The structures that the now vigilant Balayan community fiercely wanted to protect, which currently house the Immaculate Conception convent and school, used to be Balayan’s Casa Real, or the municipal tribunal, built 1744. The church itself bears a historical marker, installed December 8, 1986, by the National Historical Commission of the Philippines (NHCP). Its status as National Cultural Treasure protects it by law from physical alterations that may violate the authenticity of the church’s historic identity. Such protection extends to the church grounds, and before any new construction may take place, requires NHCP approval.

READ MORE: The Mod-art and Mid-century Leanings of Basilan cathedral

2. The St. Raphael the Archangel Parish Church, Calaca

Film producer Augusto Bernarte sponsored the roof replacement in 1972. Sem-Calaca Power Corporation and DMCI, Inc., through its chairman Victor Consunji, sponsored the facade’s impressive restoration, carried out in 2010 and supervised by architect Susan Castillo.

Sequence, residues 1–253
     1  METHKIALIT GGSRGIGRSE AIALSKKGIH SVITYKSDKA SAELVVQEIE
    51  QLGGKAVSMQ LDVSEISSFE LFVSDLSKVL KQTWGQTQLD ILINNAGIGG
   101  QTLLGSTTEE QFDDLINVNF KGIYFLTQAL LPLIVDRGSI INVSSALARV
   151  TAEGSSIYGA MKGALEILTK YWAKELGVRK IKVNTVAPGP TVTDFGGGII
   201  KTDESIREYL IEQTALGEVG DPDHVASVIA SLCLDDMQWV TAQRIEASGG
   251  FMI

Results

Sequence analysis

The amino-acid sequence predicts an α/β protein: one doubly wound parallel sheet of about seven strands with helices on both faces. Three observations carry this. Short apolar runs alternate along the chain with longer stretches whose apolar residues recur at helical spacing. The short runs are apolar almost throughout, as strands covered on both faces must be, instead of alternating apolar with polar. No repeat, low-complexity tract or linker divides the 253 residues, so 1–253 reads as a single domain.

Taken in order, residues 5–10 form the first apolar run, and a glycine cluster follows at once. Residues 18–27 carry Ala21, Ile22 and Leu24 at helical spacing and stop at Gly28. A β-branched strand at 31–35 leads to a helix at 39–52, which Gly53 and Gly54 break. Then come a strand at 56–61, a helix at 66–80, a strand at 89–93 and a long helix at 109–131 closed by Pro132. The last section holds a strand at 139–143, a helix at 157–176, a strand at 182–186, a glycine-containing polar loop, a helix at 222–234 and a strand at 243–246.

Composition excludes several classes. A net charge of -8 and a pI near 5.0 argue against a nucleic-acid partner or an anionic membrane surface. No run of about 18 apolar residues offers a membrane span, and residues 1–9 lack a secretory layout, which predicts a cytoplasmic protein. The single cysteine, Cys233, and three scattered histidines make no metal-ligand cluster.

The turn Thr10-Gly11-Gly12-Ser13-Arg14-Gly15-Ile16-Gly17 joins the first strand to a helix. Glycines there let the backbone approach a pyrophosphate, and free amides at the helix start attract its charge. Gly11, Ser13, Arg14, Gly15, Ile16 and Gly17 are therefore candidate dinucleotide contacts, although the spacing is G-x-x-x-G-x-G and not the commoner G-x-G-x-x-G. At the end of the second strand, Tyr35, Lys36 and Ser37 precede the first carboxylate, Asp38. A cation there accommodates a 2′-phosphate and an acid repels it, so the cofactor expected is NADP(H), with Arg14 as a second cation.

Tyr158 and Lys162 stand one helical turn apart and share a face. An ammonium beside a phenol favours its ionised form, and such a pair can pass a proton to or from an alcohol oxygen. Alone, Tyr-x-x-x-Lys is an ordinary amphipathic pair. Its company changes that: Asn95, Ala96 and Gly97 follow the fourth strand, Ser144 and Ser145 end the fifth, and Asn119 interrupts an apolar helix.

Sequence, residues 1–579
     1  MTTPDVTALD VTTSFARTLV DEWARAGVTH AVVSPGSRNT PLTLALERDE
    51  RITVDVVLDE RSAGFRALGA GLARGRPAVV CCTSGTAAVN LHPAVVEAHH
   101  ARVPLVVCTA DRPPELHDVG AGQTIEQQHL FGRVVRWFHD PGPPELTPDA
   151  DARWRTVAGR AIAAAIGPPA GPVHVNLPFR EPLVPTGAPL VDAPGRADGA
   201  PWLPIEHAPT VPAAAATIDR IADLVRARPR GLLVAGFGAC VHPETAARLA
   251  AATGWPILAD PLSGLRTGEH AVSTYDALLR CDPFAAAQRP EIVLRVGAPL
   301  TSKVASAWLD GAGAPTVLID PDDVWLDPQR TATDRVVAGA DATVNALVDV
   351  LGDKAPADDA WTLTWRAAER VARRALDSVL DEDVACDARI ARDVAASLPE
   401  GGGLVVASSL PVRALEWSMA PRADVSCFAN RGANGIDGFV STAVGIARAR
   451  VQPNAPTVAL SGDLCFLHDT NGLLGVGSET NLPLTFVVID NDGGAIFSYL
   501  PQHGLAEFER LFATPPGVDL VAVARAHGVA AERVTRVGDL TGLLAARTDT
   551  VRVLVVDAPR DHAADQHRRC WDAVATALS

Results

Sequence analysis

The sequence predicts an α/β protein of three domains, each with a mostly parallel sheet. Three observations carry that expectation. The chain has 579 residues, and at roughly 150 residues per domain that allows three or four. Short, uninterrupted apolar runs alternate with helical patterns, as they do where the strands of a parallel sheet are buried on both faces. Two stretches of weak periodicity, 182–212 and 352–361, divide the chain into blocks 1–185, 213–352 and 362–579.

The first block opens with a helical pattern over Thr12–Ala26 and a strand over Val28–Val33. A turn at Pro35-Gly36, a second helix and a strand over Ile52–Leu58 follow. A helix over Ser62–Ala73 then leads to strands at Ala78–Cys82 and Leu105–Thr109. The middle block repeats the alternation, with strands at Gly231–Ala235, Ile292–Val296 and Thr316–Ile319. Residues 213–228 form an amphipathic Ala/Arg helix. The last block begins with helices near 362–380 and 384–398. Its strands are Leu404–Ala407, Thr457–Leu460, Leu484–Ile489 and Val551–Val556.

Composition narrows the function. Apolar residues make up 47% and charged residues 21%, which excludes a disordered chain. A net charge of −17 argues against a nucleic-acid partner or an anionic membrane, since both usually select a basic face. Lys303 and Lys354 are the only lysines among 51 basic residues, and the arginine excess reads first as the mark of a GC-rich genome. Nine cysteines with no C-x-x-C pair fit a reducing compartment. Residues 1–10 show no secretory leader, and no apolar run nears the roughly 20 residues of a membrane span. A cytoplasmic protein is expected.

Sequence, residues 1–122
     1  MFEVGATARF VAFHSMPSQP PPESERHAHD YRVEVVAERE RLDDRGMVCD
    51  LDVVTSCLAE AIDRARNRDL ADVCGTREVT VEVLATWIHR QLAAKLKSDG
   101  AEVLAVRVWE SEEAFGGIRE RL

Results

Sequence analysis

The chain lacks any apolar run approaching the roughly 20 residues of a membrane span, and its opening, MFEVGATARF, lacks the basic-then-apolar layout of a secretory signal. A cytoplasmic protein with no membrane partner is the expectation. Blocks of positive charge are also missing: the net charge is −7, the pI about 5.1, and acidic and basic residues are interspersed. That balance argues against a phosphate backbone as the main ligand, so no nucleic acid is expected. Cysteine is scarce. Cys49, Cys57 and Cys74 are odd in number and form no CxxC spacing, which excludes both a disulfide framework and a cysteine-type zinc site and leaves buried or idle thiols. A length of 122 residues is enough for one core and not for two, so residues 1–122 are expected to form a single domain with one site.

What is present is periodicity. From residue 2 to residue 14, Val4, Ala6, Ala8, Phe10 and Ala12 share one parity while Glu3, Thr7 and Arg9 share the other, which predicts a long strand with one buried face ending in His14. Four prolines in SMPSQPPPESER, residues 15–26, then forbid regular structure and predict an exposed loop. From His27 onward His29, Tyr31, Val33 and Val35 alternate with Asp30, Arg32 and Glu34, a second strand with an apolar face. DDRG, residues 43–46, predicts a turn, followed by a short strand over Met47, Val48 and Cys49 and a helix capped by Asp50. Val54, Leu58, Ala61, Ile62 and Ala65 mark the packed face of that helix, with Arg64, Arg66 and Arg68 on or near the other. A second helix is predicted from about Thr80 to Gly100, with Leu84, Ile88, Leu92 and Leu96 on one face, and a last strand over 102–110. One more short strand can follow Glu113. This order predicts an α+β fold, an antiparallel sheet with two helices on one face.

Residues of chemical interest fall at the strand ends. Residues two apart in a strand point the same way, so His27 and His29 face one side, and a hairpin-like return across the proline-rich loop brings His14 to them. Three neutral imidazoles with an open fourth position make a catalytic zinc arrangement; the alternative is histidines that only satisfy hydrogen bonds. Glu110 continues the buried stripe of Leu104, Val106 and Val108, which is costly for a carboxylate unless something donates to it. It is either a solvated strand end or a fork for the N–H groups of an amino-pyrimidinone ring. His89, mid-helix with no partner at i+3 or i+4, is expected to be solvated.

St. Raphael is deemed the patron of the sick, especially of the blind or those afflicted with eye illnesses, and of healers, doctors, lovers and travelers.

He is also the patron saint of Calaca, a town in Batangas established May 10, 1835. It was originally part of Balayan. Six years after Calaca was established, Diego Inumerable, the gobernadorcillo or governor of Calaca, deemed the town ready for its own parish church. He had the church of St. Raphael the Archangel built, with the help of Calaca’s elite parishioners.

The interior of the church follows the typical cruciform layout of religious buildings.
The domed apse features depictions of the gospel writers Matthew, Mark, Luke, and John in oval trompe l’oeil frames on each corner.

The men and women of Calaca volunteered to gather the materials needed for the church’s construction: sand, stone, wood. They brought these to Balayan through the Pansipit River to the shore of Calaca, which borders the southern part of the town. From the shore, the people hauled the materials to the church. The roof is made of wood and hard stone bricks, while the walls are made of adobe, limestone and sand. Completed in 1861, it marks the official status of Calaca as a parokya (parish).